But advocates for low-income people contend that Temporary Assistance for Needy Families (TANF), which is what welfare turned into in 1996, does not adequately support the poor, particularly in tough economic times.

The cash assistance portion of TANF has fallen to $9.6 billion in 2011, down from $20.4 billion in what were mostly cash benefits in 1996, according to an analysis by CLASP, a low-income advocacy group. The average number of people receiving payments per month is 4.6 million, down from 12.6 million.

"Very few poor families are served," said Liz Schott, a senior fellow at the Center on Budget and Policy Priorities. "It's really not a very broad program right now."

Read the full post

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Embed America: Wide open spaces but reservation residents don't feel free
Calvin "Hawkeye" Waln says raising allegations of abuses against his reservation's police department cost him his job.
August 9th, 2012
12:35 PM ET

Embed America: Wide open spaces but reservation residents don't feel free

By Lisa Desjardins and Emma Lacey-Bordeaux, CNN

Listen: Native Americans confront police brutality on reservation

Rosebud, South Dakota (CNN) – They are watchwords of both parties: freedom and liberty.

But when Embed America went to South Dakota we found a place where many say that both are threatened and the problem is ignored. The Rosebud Sioux Reservation includes one of the poorest counties in the nation, but residents talked with us more about their concerns that the tribal police force is part of a broken justice system.

We spoke with Calvin “Hawkeye” Waln, a recently fired police officer who made some serious charges.

[3:14] “You're talking violations of civil rights, excessive use of force is one. You’re talking spraying handcuffed suspects with pepper spray to physical police brutality where the officers end up injuring or breaking bones from assaulting somebody.”

Waln says his reporting these problems led to his ouster. The police department would not comment on why he was fired.

This comes after years of upheaval in the Rosebud police force. Two chiefs of police were fired in the past four years amidst corruption allegations, then the second chief was reinstated in the past few weeks.

Read the full story on CNN's Soundwaves blog

Opinion: Why middle class has taken a big hit
The average American family's net worth dropped almost 40% between 2007 and 2010.
June 13th, 2012
08:00 PM ET

Opinion: Why middle class has taken a big hit

Editor's note: Dean Baker, an economist, is co-director of the Center for Economic and Policy Research, a progressive economic policy organization. He is author of "The End of Loser Liberalism: Making Markets Progressive."

By Dean Baker, Special to CNN

(CNN) - The Federal Reserve's newly released Survey of Consumer Finances confirmed what most of us already knew: The middle class has taken a really big hit.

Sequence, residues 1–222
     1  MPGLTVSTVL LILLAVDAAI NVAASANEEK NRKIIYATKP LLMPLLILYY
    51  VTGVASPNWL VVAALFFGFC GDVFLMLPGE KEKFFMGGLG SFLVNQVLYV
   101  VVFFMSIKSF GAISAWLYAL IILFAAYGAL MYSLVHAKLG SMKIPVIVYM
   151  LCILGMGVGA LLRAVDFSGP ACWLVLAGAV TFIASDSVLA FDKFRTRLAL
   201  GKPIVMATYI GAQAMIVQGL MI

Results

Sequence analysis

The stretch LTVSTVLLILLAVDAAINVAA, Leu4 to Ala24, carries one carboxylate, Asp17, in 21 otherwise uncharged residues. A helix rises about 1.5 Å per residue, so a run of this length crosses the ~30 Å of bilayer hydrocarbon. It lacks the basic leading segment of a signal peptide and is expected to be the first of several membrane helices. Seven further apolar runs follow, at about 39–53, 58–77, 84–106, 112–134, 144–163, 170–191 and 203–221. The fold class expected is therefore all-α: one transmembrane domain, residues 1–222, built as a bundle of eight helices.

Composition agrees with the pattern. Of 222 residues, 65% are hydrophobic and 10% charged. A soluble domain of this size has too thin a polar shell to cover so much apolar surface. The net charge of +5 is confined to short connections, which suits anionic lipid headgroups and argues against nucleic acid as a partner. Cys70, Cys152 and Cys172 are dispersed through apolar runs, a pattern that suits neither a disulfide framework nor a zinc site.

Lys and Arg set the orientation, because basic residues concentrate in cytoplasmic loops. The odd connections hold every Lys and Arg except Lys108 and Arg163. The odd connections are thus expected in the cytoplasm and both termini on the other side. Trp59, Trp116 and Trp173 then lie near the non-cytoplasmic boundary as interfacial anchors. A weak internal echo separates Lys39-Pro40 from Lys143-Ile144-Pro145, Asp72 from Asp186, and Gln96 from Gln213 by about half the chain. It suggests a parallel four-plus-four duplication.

Between 2007 to 2010, the typical family had lost nearly 40% of their wealth. And, despite that our economy was 15% larger in 2010 than in 2001, the typical family's wealth decreased by 27.1% since 2001. On top of that, income had fallen. Median family income in 2010 was down by 7.7% from its 2007 level and 6.3% from its level a decade ago.

The picture looks dismal, doesn't it? But none of these numbers are surprising really. Is the average American poorer than before? Yes.

Read Dean Baker's full column

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Filed under: Economy • Poverty • What we think
From scrubbing floors to Ivy League: Homeless student to go to dream college
Dawn Loggins never gave up on her dreams, even when she was homeless. She heads to the Ivy League this fall.
June 7th, 2012
05:31 PM ET

From scrubbing floors to Ivy League: Homeless student to go to dream college

Editor's note: To hear more from Dawn Loggins and her journey, watch Martin Savidge's full report tonight on AC360 at 8p/10p ET

By Vivian Kuo, CNN

Lawndale, North Carolina (CNN) - It's before sunrise, and the janitor at Burns High School has already been down the length of a hallway, cleaning and sweeping classrooms before the day begins.

This particular janitor is painstakingly methodical, even as she administers a mental quiz on an upcoming test. Her name is Dawn Loggins, a straight-A senior at the very school she cleans.

On this day, she maneuvers a long-handled push broom between rows of desks. She stops to pick up a hardened, chewed piece of gum. "This annoys me, because there's a trash can right here," she says.

The worst, she says, is snuff cans in urinals. "It's just rude and pointless."

With her long, straight dark blonde hair and black-rimmed glasses, Dawn looks a bit like Avril Lavigne. But her life is a far cry from that of a privileged pop star.